Adeju Thompson wants to change the narrative around African fashion design.
“I think that people have this one-sided idea of African fashion, and I really want to dismantle that,” the founder of Lagos Space Programme said at the nonbinary label’s debut presentation in Paris. “I want to show people that there’s so much more happening on the continent.”
The winner of this year’s edition of the Woolmark Prize, they showed the line, titled “Cloth as a Queer Archive,” alongside an atmospheric short film directed by Isabel Okoro as part of the Sphere showroom at the Palais de Tokyo.
Suits came with wide cropped pants, some trimmed with lace, that were inspired by traditional Yoruba clothing, while halterneck necklines on a crochet dress and buttoned-up vest had a fluid grace.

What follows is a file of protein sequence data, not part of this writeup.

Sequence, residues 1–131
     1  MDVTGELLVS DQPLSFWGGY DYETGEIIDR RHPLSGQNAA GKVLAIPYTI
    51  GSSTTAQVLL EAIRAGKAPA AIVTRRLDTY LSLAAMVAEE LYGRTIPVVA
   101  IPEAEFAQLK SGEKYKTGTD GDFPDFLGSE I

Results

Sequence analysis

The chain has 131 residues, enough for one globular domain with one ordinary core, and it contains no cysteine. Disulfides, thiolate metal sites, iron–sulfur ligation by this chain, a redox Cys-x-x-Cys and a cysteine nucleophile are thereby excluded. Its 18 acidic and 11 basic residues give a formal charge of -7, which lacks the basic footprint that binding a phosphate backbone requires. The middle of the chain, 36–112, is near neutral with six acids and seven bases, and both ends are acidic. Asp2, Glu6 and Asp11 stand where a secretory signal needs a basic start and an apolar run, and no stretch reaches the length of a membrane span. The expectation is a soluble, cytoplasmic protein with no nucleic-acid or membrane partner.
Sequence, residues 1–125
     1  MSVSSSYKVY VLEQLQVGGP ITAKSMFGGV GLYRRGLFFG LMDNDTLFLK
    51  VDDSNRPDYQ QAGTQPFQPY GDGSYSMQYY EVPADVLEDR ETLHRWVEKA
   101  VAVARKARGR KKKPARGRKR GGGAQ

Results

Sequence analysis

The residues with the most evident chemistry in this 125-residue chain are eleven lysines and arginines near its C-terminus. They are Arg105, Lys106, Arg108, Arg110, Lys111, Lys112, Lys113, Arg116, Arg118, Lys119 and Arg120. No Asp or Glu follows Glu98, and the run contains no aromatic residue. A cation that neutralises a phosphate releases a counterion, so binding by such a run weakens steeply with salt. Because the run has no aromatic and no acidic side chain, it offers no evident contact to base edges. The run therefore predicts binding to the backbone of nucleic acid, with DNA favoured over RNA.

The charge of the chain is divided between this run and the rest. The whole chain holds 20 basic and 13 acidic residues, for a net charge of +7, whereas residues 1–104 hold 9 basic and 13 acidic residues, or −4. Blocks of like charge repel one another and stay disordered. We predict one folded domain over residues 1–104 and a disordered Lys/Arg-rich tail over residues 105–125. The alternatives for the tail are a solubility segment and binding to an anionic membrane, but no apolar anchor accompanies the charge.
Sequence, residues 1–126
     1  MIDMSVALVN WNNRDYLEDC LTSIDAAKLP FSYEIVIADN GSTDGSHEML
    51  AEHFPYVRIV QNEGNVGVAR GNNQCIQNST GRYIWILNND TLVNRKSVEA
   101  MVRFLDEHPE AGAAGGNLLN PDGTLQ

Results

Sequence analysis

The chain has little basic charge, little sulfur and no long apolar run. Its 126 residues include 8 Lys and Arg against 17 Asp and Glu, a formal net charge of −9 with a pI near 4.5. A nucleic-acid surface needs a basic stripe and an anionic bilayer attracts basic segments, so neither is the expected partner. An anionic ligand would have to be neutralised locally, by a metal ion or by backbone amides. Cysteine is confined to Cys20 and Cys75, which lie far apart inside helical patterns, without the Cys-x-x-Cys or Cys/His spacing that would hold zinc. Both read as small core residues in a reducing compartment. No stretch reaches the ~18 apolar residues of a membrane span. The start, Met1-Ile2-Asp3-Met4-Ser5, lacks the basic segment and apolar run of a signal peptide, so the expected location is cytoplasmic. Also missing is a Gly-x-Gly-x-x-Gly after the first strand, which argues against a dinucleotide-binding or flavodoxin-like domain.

A boxy pinstriped suit was paired with a long shirt made with indigo-dyed Adire cloth from southwestern Nigeria, while an intricately patterned robe coat was layered over a wrap skirt. Hammered copper accessories provided an opulent counterpoint to the minimalist silhouettes.
“The Adire, it’s a way in which we told our stories for a very long time, so each motif stands for something,” said Thompson, who drew a parallel with modern-day subcultures where marginalized groups communicate through coded gestures. “I like that as a queer person, I can really tap into that.”